addiction treatment

Infusing Ketamine for Addiction

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Using ketamine for addiction is quite a new but potentially effective method of treating drug abuse. Recent studies prove that ketamine infusion therapy, in addition to therapy on its own, can assist in lowering the chances of relapsing into addiction. In a recent study, people with cocaine addictions received a ketamine infusion through an IV for 5 days, alongside mindfulness relapse prevention therapy (for 5 weeks) in a controlled hospital setting, and the conclusion showed promising results for ketamine addiction treatment.

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What is Ketamine?

Ketamine is used as an anesthetic by medical practitioners. As a stimulant drug, it is also often taken illegally, giving users a ‘high’. It contains some dissociative (or hallucinogenic) properties, which makes it beneficial for patients or animals in pain during a procedure. It creates a distortion of reality and a disconnected feeling for drug abusers.

Like all other stimulant abuse, the ‘high’ euphoric feeling is addictive, causing addicts to repeat their misuse. The effects of ketamine in particular are short,  so people are likely to engage in a binge cycle, where they repeatedly administer the drug every time the effects begin to wear off. Over time, the body develops tolerance to the drug due to prolonged misuse, necessitating a higher dosage of the drug to feel the short-lived positive feelings. This is commonly known as dependence or ketamine addiction.

Eventually, this can lead to an overdose, causing slow, difficult breathing.

Avenues Recovery explains the effectiveness of infusing ketamine for addiction

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What are the Side Effects of Ketamine Abuse?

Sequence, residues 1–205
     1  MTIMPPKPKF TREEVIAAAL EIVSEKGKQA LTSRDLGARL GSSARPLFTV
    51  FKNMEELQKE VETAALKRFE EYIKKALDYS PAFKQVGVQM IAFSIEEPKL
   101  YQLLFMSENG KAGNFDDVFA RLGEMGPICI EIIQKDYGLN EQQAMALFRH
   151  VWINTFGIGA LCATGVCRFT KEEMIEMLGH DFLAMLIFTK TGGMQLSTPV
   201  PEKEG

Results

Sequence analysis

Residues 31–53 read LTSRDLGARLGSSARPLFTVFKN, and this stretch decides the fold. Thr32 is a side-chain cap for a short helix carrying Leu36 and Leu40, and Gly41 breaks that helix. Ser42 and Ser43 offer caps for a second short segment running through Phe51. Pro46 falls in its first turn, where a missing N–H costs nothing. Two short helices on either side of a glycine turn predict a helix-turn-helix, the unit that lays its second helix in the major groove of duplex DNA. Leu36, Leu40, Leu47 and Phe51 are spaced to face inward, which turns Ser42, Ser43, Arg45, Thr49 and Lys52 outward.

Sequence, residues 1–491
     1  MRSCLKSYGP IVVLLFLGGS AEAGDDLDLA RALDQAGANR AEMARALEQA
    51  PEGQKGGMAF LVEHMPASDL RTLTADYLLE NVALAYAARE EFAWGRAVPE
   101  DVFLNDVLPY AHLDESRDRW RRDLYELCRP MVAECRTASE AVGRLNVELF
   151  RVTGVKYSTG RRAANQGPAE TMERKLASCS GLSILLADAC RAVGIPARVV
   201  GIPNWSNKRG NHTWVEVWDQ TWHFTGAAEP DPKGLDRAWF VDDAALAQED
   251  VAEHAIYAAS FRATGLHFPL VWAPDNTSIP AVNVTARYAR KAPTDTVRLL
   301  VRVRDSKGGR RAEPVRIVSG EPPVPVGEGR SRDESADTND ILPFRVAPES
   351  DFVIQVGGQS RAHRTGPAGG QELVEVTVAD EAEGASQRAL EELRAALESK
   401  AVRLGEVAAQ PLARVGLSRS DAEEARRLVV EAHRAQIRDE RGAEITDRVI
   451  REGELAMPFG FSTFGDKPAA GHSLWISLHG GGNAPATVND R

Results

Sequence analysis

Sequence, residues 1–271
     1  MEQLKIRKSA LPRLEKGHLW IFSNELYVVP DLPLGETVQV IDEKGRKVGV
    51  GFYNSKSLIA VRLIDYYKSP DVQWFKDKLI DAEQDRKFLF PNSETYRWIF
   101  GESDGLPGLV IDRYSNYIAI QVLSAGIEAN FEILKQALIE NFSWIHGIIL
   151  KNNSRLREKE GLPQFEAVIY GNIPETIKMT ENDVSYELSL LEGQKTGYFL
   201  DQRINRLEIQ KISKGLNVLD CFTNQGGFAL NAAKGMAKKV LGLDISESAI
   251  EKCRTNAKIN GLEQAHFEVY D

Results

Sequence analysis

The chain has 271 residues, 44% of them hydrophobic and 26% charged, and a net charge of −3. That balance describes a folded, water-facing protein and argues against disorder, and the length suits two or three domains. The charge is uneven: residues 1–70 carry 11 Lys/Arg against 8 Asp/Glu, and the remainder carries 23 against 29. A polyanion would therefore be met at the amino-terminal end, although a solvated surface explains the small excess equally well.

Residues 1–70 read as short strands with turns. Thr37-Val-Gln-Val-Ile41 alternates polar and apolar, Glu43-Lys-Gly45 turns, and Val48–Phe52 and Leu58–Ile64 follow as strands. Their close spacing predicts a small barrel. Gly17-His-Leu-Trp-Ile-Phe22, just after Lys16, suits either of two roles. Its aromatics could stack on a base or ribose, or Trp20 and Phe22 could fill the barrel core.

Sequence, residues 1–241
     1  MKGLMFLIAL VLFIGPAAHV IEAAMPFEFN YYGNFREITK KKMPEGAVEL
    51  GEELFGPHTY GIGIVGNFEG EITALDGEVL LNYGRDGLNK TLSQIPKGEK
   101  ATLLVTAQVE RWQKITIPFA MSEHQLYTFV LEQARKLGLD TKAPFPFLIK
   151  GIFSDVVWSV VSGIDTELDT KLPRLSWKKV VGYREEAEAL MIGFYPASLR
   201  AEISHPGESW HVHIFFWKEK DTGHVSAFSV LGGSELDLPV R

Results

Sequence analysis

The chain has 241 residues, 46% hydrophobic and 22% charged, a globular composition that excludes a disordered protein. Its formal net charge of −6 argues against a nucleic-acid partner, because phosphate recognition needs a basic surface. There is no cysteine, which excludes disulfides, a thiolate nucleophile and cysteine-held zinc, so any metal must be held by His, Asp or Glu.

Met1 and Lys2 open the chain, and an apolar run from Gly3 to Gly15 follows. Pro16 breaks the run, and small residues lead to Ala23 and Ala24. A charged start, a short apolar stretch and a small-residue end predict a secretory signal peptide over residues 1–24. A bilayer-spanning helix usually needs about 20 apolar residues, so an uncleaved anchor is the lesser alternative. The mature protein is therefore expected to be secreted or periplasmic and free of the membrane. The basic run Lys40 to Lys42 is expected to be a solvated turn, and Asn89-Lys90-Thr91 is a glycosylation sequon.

Ketamine is used illegally by snorting, smoking, injecting into the body, or mixing into drinks. The immediate effects are similar to that of every stimulant: the heart rate speeds up and the blood pressure goes down.

In addition to the euphoric feeling, a lower amount of ketamine drug can cause a certain numbness and some visual hallucinations. A higher dose can cause strong hallucinations, detachment from reality (out-of-body experience), short-term memory loss, and motionlessness.

Prolonged misuse of ketamine can lead to some of the following side effects:

  • Double vision
  • Seizures
  • Elevated blood pressure
  • Decreased heart rate
  • Nausea and vomiting
  • Inability to move
  • Dizziness
  • Amnesia
  • Confusion
  • Decreased coordination
  • Agitation
  • Disorientation
  • Drowsiness

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What Is Ketamine Addiction Treatment?

Ketamine therapy for addiction is a treatment that uses very low doses of ketamine to manage and help with multiple mental health conditions. The conditions include substance use disorders, anxiety, treatment-resistant depression, and post-traumatic stress disorder.

How to Use Ketamine for Addiction